Friday, June 6, 2014

visual dictatorship links

---Cupidiculous

---Signs from the near future

---Fast Film

---"Midnight Blue" by Mr. Flash

---filmmaking tips from Alain Resnais and John Boorman

---"Her eventually resorts to the unimaginable prospect of technological singularity as a way of acknowledging others. In the end, Jonze’s film expresses a gentle (rather than dystopic or unsettling) ambivalence regarding new media’s ability to confront or overcome solipsism. Indeed, the film may even be positing that others are increasingly existing for us only through mediation. Theodore’s loving relationship with a constructed consciousness – initially designed for him alone – is not an isolated incident; this quasi-solipsistic affair seems to spread with the cultural penetration of the OS system. As the film develops, people are increasingly seen wearing earpieces and talking to their devices (rather than each other) in public. And so, this is why the film’s romanticism is so disquietingly unstraightforward, and its ambivalence toward new media so intriguing." --Aaron Taylor

---Epilogue

 ---"Walden Connection: The Thoreauvian Agenda of Upstream Color" by Anna Robertson

---“I’ve heard about stingrays attached to drones but seeing them on a typical police car (combined with being used 200 times) suggests the device is far more frequently used and deployed than we’ve known before. The other thing that’s interesting is that the way these devices are configured and physically used shows how invasive they are. They force the phone to use more battery, capture all the information in the area around it and then require police to go from door to door to capture signals. These aren’t simple innocuous devices but really aggressive and invasive ones.”

---"We’ve seen our fair share of federal government attempts to keep records about stingrays secret, but we’ve never seen an actual physical raid on state records in order to conceal them from public view."

---"Ghostbusters’s astronomical success was far from a foregone conclusion: from its inception, the eventual blockbuster faced countless obstacles, unravelings, and emergencies." --Lesley M. M. Blume

---Philip Seymour Hoffman on Happiness

---The Rules of Film Noir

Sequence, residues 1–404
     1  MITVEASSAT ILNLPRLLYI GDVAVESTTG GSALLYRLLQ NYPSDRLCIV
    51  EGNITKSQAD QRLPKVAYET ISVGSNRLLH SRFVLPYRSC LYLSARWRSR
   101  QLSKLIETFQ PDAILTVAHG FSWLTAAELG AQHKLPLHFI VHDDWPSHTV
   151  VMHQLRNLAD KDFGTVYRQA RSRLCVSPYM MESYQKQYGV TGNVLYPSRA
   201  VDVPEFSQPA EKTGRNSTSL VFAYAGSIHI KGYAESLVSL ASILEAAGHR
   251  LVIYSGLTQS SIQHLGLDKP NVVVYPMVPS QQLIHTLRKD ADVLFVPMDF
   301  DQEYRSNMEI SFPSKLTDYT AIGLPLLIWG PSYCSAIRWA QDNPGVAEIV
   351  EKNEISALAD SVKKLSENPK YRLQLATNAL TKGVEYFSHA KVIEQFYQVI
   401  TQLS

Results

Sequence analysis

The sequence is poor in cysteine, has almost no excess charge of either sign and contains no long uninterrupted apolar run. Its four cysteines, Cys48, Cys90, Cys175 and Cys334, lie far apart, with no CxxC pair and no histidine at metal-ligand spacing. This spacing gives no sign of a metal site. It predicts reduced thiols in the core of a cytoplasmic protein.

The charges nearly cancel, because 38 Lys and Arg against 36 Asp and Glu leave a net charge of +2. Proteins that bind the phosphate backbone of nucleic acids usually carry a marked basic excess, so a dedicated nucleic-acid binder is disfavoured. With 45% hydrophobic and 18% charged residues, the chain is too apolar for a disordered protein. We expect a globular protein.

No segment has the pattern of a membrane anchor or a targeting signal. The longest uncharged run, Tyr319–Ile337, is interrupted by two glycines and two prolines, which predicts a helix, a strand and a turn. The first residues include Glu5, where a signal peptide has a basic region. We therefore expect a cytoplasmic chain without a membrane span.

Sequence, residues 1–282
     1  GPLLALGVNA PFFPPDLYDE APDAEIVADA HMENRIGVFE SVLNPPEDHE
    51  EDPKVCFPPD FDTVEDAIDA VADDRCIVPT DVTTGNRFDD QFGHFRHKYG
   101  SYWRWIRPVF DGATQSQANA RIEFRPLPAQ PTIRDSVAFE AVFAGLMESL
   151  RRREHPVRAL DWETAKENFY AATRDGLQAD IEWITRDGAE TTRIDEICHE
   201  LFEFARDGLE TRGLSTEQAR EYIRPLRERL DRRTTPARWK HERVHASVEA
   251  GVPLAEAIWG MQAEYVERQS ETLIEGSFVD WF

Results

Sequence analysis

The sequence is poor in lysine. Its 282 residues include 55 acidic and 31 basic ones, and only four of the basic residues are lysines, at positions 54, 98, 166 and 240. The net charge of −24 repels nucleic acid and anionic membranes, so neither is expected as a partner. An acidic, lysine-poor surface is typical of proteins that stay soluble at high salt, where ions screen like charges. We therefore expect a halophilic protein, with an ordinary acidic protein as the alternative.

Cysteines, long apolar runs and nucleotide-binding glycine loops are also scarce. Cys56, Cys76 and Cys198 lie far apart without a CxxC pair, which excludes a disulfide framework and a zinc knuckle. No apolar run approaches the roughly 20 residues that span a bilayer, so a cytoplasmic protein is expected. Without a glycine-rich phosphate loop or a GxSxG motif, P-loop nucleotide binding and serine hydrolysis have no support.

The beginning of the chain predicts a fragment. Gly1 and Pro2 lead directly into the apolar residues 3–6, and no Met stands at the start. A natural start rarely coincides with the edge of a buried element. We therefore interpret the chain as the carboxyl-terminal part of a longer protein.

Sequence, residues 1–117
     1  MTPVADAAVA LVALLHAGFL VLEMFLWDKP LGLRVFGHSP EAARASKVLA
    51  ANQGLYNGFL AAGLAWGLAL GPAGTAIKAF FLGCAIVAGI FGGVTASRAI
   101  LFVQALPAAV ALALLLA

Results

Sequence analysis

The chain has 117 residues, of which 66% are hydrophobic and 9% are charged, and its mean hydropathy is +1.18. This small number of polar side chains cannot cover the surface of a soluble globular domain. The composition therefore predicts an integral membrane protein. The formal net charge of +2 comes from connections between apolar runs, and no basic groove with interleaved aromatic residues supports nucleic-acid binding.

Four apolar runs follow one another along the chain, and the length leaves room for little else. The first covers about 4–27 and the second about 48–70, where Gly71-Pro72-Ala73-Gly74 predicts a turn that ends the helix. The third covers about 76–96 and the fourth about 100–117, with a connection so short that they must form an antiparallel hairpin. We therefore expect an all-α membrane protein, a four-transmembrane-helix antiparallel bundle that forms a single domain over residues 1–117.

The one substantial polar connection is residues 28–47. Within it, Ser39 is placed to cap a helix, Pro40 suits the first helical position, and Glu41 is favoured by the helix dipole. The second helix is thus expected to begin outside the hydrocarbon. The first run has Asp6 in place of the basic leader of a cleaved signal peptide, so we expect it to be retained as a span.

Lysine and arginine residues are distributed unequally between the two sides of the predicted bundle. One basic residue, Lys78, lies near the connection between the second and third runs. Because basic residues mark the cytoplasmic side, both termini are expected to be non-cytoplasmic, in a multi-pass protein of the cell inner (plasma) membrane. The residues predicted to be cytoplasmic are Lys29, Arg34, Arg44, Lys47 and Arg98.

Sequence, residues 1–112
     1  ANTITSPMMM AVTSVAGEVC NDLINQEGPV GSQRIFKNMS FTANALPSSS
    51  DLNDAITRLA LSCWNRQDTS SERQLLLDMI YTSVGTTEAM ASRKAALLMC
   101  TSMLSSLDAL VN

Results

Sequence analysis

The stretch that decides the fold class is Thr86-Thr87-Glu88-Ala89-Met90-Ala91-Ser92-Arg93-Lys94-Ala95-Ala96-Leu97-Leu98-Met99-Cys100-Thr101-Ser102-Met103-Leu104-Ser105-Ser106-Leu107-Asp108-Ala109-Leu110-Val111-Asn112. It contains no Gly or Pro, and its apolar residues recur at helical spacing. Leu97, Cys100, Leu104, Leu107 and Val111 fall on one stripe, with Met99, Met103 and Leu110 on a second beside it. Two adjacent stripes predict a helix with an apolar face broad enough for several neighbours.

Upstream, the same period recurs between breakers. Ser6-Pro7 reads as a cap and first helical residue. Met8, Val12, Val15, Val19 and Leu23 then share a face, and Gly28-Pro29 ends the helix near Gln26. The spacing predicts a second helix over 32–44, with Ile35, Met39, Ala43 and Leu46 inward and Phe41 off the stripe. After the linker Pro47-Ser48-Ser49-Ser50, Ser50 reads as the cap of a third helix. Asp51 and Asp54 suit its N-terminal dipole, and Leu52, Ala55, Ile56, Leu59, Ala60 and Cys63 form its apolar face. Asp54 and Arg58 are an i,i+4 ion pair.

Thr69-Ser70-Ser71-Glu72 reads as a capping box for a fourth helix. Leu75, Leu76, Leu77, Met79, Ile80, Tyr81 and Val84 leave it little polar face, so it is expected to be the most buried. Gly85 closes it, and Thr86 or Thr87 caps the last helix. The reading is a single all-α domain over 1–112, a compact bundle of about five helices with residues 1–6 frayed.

---"In his most critical mode, De Palma shows us that, in a world of visual dictatorship, some images are concealed, while everybody turns their heads to the same screens."  --Cristina Alvarez Lopez and Adrian Martin

---"the biggest Hollywood star images are complicated, and even contradictory: Marilyn Monroe was pure sex, but she radiated innocence; Marlon Brando was overpoweringly masculine yet incredibly sensitive.

So Jolie’s image mixed dangerous sexuality . . . and benevolent humanitarianism? It sounds ridiculous. But it was precisely that combination, and the flexibility it permitted, that allowed Jolie to not only weather one of the biggest potential scandals of the decade, but facilitated her rise to superstardom." --Anne Helen Petersen

---The Cine-Files

---"On climate change, the truth has gone from inconvenient to awful. Right now we're failing our future. And we will be judged harshly for it." --Ezra Klein

---"An Analysis of Christopher Nolan's Inception"

---"Liman's eclectic oeuvre goes some way to explaining why he chooses to view his latest effort — a $178-million popcorn movie that makes extensive use of green-screen technology and stars the most enduring action hero in moviedom — as an 'independent film.'"  --Chris Lee

---trailers for Edge of Tomorrow and Borgman

---"Simply posting status updates and sharing photos, links and interesting content, is no longer what leads to a successful social media campaign. Today, organic reach comes only by creating original, bespoke, content that is highly visual, 'clickable', and sharable.

The most loyal and powerful online communities are now centered around visual content, not text. This is leading incredibly devoted fan bases to develop organically around visual content shared on sites like Instagram, Pinterest and Vine." --Marc Schiller

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